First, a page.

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6 book recommendations from Bruce McCall

The illustrator and humorist recommends works by Gustave Flaubert, Alice Munro, and more

Bruce McCall's new memoir, How Did I Get Here?, revisits his Ontario childhood and varied career as a onetime ad man who became an illustrator and humorist for National Lampoon, The New Yorker, and, briefly, the original Saturday Night Live.

Madame Bovary by Gustave Flaubert (1856).

The gaps in my formal education led to more than a few gaps in my tally of the classics. At age 40, I had never read Madame Bovary. My wife, Polly, rightly insisted that I right this wrong. The book is romantic as hell, and just as tragic.

Washington: A Life by Ron Chernow (2010).

I once accompanied Ron on research expeditions to Princeton and Valley Forge, talking nonstop (mostly me asking him questions and listening). I was relatively new to American history before reading Washington, at least to the particulars of the first phase of the American experiment under Washington and others. Chernow is a master ­storyteller — end of story.

The Only Way to Cross by John Maxtone-Graham (1972).

The history — or "saga," more ­fittingly — of the great transatlantic ocean liners. The book's vivid details and many anecdotes are matched in their capacity to produce pleasure by the design and technical profiles of the ships. Shortly after reading this book, I painted my R.M.S. Tyrannic series for National Lampoon, and it's one of best things I ever published, so I owe a debt of gratitude to Maxtone-Graham.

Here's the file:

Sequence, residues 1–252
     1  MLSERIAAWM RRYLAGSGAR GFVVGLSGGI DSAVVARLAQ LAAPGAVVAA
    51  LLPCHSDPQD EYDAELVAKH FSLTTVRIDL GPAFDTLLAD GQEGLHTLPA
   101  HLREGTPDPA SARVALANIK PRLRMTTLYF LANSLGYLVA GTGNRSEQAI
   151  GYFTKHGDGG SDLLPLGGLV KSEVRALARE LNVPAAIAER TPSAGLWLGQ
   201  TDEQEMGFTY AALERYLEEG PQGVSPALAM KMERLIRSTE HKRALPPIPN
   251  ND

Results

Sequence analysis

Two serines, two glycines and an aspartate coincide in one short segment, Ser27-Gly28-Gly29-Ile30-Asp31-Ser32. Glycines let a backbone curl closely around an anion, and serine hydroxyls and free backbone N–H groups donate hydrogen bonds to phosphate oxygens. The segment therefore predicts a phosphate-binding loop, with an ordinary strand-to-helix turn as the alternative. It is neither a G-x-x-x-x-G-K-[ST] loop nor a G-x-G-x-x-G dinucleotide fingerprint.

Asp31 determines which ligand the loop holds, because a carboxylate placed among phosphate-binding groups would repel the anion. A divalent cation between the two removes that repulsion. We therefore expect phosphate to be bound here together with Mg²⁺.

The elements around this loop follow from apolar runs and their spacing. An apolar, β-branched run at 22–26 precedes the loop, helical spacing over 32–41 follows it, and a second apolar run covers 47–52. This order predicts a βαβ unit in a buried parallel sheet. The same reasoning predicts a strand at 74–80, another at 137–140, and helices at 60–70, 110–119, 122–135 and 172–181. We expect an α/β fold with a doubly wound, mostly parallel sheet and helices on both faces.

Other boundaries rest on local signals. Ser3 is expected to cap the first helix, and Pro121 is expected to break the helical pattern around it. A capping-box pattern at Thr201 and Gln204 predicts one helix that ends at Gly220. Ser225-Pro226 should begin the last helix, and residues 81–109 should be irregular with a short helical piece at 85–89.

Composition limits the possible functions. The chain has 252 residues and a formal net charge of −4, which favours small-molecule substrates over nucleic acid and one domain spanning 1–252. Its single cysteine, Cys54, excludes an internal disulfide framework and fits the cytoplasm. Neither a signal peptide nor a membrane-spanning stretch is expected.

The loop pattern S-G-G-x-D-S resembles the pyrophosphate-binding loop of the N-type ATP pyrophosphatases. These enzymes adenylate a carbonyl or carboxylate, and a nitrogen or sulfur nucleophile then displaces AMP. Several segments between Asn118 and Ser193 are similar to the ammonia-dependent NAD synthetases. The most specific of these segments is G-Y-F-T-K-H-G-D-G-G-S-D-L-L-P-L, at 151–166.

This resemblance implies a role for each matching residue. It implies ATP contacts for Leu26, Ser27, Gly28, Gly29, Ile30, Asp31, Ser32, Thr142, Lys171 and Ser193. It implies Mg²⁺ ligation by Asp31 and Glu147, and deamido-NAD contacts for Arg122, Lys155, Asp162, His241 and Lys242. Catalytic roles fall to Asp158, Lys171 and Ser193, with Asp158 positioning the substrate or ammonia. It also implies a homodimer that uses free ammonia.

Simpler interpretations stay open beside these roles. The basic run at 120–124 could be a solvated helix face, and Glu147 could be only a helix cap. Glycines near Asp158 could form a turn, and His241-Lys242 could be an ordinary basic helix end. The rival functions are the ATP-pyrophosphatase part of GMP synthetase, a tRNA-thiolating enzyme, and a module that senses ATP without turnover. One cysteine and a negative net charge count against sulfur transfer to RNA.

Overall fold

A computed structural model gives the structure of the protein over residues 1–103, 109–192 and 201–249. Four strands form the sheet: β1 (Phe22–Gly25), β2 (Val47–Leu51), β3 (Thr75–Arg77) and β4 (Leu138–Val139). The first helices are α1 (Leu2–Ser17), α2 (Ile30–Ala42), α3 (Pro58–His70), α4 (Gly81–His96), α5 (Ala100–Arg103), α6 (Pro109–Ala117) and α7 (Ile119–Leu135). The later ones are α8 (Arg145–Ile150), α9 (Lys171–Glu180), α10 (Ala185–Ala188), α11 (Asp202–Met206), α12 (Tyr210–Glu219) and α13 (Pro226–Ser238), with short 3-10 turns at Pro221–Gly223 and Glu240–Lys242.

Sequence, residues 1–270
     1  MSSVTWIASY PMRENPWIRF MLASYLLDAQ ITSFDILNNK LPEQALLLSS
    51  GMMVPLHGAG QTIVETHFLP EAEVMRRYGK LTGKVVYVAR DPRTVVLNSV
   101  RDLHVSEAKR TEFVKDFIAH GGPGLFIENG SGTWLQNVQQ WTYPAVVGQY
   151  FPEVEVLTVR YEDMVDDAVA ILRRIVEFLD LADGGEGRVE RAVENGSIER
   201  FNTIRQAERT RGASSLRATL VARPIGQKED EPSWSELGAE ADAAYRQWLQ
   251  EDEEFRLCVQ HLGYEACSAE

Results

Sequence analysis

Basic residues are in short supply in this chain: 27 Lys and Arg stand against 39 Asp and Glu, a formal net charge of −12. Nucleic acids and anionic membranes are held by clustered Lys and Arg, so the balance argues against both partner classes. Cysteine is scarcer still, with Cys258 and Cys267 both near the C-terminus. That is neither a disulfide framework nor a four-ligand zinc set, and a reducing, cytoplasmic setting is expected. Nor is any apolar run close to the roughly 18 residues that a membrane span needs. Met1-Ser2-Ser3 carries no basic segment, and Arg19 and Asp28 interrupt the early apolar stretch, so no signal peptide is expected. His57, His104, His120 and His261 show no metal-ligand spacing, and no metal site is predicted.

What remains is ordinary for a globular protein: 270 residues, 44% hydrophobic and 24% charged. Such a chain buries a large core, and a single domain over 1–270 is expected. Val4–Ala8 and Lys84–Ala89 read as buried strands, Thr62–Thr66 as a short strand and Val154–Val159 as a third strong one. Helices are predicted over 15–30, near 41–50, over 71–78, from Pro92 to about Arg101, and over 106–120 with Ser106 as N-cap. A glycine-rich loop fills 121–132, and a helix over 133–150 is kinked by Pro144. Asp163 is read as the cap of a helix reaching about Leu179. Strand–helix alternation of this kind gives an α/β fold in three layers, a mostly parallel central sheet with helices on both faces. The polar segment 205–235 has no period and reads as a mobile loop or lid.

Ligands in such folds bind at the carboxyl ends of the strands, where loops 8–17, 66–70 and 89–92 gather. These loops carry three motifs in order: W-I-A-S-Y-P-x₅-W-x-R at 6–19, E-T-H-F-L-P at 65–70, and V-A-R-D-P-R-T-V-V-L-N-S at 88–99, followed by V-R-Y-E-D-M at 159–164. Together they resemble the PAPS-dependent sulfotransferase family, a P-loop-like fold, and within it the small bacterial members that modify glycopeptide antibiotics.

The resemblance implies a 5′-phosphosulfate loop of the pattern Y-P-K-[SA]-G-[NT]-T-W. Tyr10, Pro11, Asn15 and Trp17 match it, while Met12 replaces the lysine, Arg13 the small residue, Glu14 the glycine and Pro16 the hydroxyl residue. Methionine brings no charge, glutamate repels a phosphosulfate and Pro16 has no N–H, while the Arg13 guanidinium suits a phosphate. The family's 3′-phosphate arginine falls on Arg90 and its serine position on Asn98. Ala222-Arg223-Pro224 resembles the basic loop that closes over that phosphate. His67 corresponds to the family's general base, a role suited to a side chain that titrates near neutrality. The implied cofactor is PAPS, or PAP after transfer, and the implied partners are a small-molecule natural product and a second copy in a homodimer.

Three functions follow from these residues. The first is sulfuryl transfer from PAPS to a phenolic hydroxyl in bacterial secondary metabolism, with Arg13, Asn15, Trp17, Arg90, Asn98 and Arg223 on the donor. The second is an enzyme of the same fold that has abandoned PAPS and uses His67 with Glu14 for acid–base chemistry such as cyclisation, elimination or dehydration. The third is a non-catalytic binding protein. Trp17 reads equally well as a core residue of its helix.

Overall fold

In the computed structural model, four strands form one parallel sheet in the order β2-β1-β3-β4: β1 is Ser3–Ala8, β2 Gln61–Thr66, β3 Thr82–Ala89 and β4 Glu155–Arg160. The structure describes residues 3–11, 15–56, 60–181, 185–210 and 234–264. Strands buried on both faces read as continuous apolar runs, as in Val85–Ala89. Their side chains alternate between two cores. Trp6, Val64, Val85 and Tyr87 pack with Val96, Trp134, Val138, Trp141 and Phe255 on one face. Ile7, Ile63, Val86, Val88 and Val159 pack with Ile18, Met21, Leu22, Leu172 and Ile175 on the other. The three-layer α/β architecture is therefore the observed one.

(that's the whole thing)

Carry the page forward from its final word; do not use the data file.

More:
Open Secrets by Alice Munro (1994).

As a fellow southwestern Ontarian, I can attest to the stinging veracity of Munro's depictions of a conformist, rigidly Calvinist world of modest lives and even more modest expectations, where shame inevitably gnaws and one's personal discontent is hidden or denied. All of this was rich territory for a scholar of everyday despair. Munro is also funny and, again, Canadian. What more could you want?

The Gift by Vladimir Nabokov (1938).

A wonderful story: the age-old love between a guy and a gal, made unique because everything Nabokov did was unique. All of Nabokov's books could have a place on my list, but The Gift is the one that I keep at hand.

The White Nile by Alan Moorehead (1960).

I hadn't read much, if any, travel literature when this came out. Moorehead was an intelligent writer and a serious student of the regions he ­covered — not a given in travel writing, I would discover. I've never traveled to Africa myself, so I thank Moorehead for the next best thing.

This article was first published in the latest issue of The Week magazine. If you want to read more like it, you can try six risk-free issues of the magazine here.

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